Dear Writing Huntress,
This is my first year turkey hunting. I will be going out in the woods with my boyfriend, who has been hunting for years. He told me I should “prepare for anything,” but didn’t really explain what that meant. We live in Nebraska and it’s spring. Is my warm weather gear enough?
~ Prepared for Nothing in Northern Nebraska
Dear Prepared for Nothing,
Congratulations on your first season chasing those thunder chickens, and good luck. After five years of hunting, I’m still waiting for my first gobbler!
Preparedness is a fickle friend during spring turkey season. Unless you’re hunting in Hawaii, being prepared for anything means literally that — being ready for every single imaginable weather phenomenon in your area.
This reminds me of a turkey hunt I went on, in North Carolina. North Carolina springs aren’t the coldest, especially in relation to western New York, where I grew up. Hence, when we planed a turkey hunt near the northern edge of the state, I checked the weather — mid 60s and sunny — and packed wares comfortable for that temperature: hoodies and warm-weather gear.
By the time that we arrived at hunting camp, rain began to fall. Figuring it a spring storm, we set our alarm clocks for the early morning and headed to bed. We awoke to a monsoon and 40-degree temperatures. My now husband and our hunting buddy had packed accordingly, layering their bodies with fleece and long johns, over which they sported airtight rain gear. I, assuming the weather would pass, threw on what I had, which wasn’t much.
Hours later, we retreated from the hunting spot because of a deluge of ticks, freezing rain and my reluctant admission that, yes, I was freezing my tail off. I couldn’t stand the cold any longer. Although I was swaddled in anything my husband wasn’t wearing, it was too late. Had I planned better in advance and carried everything necessary to stay out the duration of the hunt, then maybe I would be telling you the story of how my preparedness bagged my first turkey that spring day.
What does this mean for you in Nebraska? Simple — plan extensively and bring more gear than you think you need, in order to endure the three elements turkey hunters battle most: weather, concealment and creepy critters.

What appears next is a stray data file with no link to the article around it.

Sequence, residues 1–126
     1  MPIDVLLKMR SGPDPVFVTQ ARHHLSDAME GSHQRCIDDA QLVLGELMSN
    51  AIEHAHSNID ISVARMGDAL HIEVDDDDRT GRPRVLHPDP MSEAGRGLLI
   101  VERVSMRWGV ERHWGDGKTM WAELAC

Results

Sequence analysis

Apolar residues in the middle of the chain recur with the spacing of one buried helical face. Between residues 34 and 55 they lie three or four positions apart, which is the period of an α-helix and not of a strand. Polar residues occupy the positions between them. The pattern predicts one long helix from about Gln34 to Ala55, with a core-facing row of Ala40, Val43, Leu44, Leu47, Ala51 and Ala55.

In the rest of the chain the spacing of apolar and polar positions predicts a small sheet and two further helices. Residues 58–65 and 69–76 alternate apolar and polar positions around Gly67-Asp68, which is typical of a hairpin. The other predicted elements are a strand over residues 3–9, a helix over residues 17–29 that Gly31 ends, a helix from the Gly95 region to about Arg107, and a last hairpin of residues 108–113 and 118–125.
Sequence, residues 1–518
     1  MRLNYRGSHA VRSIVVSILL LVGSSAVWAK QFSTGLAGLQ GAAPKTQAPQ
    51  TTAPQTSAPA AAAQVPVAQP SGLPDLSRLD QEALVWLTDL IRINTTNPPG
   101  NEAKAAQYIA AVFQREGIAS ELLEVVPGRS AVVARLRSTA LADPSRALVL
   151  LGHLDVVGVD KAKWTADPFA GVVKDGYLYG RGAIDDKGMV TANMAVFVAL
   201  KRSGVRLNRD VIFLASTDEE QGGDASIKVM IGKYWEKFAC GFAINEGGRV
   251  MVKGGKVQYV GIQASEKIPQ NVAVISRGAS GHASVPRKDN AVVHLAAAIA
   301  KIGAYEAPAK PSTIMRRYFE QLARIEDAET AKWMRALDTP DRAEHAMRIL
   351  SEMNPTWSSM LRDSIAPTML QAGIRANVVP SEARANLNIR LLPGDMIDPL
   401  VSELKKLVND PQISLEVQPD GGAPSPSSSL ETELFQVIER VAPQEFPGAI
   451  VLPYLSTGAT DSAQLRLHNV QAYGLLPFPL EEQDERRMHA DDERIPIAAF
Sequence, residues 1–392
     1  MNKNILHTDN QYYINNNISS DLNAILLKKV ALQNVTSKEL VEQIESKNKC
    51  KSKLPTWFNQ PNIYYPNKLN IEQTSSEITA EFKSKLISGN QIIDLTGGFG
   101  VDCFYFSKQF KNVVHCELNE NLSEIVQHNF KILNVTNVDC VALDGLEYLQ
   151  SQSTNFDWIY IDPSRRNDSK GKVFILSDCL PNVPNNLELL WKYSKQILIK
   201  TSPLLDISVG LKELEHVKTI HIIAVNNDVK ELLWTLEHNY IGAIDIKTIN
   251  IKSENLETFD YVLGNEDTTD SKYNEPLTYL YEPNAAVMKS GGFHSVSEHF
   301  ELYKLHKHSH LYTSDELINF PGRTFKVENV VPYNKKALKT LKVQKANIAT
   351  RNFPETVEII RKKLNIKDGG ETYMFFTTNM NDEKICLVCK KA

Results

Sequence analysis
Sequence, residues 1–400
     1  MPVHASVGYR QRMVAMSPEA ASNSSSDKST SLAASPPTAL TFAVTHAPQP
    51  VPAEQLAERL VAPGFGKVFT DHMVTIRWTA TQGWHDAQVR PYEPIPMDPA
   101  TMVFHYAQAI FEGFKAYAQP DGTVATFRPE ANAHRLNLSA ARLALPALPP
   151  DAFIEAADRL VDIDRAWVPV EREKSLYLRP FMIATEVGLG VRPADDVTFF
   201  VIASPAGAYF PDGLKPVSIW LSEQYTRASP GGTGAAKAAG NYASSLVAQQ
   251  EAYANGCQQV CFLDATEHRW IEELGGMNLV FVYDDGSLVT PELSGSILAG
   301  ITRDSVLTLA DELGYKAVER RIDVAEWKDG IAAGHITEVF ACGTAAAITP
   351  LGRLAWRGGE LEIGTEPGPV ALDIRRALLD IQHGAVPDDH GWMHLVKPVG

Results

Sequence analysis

Your best bet for triumphing over spring turkey weather is a trifecta of preparedness, encompassing cold weather, warm weather and rain gear. For cold weather gear, I’d go with Próis Hunting & Field Apparel’s Generation X ($225 jacket, $199 pants). You’ll stay cool in the Próis Pro Edition ($229.99 jacket, $165 pants) combination and the Próis Eliminator series ($259 jacket, $179 pants) will keep you as dry as the desert of Arizona, even in the soggiest of conditions.
Team WON’s managing editor, Britney Starr, swears by the Prois Eliminator jacket/pants set. Britney said, “I chased gobblers in three states this spring, and the only common denominator among them, was rain. I would have been miserable if it wasn’t for my
Próis Eliminator rain gear. I also love the ducktail feature. It keeps my backside dry when sitting on the soggy ground!”
Turkeys have all-seeing eyes, which makes your camo selection imperative. Do a little research on the area you’ll be hunting and figure out what type of foliage you will be blending. Be sure to invest in a good face mask or quality face paint (I always go with Hunter’s Specialties 3 Color Woodland camo compact, $6.49) as well as gloves, high-necked shirts (Próis Ultra Backcountry Shirt, $64) and a location-appropriate hat.
Ticks, mosquitos and other crawly creatures are enough to put any hunt to an end. Having the right insect combatant will keep you comfortable enough to shoot that gobbler when he decides to strut into your shooting range. I never leave home for a hunting adventure without my ThermaCELL (Hunter’s Starter Kit $49.99) and mosquito repellent refills. As for ticks, I combine a clothing-only wash that is applied every six weeks (Sawyer Duranon Permethrin Insect Repellent, $7.19 — $50.39) and a skin spray (Repel DEET 100 Insect Repellent, $39.99) to ensure a tick-free adventure.
While this seems like a lot of gear to tote around, especially if you’re stalking a bearded bird or two, you can never be too prepared. Besides, if all else fails, use your pack of preparedness as a seat, because as any turkey hunter will tell you, your behind will go numb after about five minutes of breathless turkey wait!
Questions for the Writing Huntress can be submitted via e-mail to firstname.lastname@example.org, or on our respective social media outlets, listed below.